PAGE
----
While the war which is waged to take from us the right of self-government can never attain that end, it remains to be seen how far it may work a revolution in the industrial system of the world, which may carry suffering to other lands as well as to our own. In the meantime we shall continue this struggle in humble dependence upon Providence, from whose searching scrutiny we cannot conceal the secrets of our hearts, and to whose rule we confidently submit our destinies. For the rest we shall depend upon ourselves. Liberty is always won where there exists the unconquerable will to be free, and we have reason to known the strength that is given by a conscious sense not only of the magnitude but of the righteousness of our cause.
November 18, 1861.
GENTLEMEN OF THE CONVENTION:
On the 17th day of June last I transmitted to you a communication, accompanied by sundry documents, intended to show what Virginia had done in the way of preparation, and also what she had done in aiding the successful prosecution of the war in which we are now engaged. In this supplement to that communication I propose to continue the history and to bring down her action to the present time. This course is rendered necessary in consequence of the fact that evil-disposed persons in our midst, claiming to be Virginians by birth, have misrepresented facts and distorted truth with a view of injuring the public authorities in popular estimation and disparaging the efforts made by the Commonwealth to advance the common cause. The authorities are content with a reference to the record, and by that they are willing to allow Virginia to be judged, and her claims to prompt, patriotic, and efficient action to be decided. The paper herewith transmitted from the ordnance department of the State, under the energetic and intelligent administration of Colonel Dimmock, will show the issues of arms, equipments, and munitions of war since the 14th day of June last to the present time. This report completes that branch of the history of the operations of the State, and to it any Virginian can refer with the proudest satisfaction. The amount expended by the State for war purposes since the secession of Virginia exceeds $6,000,000. Every demand against her had been promptly considered and disposed of by the auditing board, and it is a source of infinite satisfaction to me to know that every demand has been paid on presentation at the treasury. The auditing board are especially deserving of the blanks of the convention for the zeal, industry, and faithfulness with which their onerous and important duties have ben discharged.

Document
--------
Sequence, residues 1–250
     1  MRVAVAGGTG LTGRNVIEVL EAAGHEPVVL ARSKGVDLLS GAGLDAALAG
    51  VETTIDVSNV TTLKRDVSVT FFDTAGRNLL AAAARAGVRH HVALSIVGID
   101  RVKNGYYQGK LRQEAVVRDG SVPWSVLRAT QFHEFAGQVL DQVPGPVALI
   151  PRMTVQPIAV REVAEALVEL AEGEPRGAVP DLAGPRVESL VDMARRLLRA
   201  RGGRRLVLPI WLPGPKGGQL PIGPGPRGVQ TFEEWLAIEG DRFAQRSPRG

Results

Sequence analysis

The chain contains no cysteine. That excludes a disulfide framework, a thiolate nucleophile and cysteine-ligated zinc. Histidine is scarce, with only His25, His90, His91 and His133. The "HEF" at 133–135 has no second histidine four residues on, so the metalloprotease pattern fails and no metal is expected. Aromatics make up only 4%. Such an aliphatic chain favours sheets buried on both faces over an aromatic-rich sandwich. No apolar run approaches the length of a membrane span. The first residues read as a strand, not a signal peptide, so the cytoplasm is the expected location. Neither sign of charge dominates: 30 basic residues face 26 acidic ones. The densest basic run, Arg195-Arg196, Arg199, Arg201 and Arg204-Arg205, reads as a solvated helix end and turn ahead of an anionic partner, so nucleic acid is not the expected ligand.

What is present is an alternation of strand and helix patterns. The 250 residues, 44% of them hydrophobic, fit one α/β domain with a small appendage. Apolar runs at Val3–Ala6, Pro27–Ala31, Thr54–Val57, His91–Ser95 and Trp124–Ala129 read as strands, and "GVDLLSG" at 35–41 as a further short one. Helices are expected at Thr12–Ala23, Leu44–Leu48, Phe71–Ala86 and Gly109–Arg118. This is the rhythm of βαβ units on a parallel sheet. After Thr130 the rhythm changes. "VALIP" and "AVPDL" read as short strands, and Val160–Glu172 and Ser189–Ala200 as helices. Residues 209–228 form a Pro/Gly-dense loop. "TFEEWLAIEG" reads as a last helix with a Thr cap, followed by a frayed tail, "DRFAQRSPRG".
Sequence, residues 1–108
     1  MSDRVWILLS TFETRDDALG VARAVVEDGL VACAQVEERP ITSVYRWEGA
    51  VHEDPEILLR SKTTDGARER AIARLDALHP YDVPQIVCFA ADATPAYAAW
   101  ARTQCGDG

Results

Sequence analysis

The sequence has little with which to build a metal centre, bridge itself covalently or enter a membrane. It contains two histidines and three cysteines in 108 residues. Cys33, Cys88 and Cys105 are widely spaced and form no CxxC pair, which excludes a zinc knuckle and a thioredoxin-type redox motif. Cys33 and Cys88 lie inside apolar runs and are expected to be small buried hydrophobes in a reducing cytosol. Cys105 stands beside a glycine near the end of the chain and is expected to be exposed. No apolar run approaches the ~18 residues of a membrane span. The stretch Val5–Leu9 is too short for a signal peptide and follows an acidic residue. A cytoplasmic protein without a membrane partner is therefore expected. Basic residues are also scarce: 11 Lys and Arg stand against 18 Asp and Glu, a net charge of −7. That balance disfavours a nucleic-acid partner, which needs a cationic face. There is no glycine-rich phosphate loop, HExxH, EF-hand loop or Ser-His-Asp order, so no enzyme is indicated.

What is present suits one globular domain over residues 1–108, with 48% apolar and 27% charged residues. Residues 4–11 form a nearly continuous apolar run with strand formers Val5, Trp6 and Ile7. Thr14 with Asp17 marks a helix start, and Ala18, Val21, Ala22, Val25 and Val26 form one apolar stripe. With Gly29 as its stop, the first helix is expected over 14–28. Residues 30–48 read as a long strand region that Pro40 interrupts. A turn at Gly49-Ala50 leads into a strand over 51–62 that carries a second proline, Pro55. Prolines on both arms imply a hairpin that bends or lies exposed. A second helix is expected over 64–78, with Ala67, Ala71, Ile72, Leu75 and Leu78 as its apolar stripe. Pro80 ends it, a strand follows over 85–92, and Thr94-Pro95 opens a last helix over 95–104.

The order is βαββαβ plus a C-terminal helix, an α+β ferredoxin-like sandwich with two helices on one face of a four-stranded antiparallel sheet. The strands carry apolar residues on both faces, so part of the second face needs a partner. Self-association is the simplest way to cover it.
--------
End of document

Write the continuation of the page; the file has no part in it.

* * * *
An ordinance of the convention, passed April the 17th, 1861, instructed the Executive to "invite all efficient and worthy Virginians and residents of Virginia in the Army and Navy of the United States therefrom to enter the service of Virginia, assigning to them such rank as will not reverse the relative rank held by them in the U. S. service, and will at least be equivalent thereto. " And by an ordinance passed April the 30th, 1861, you extended the invitation to "officers in the revenue service and coast-survey service of the United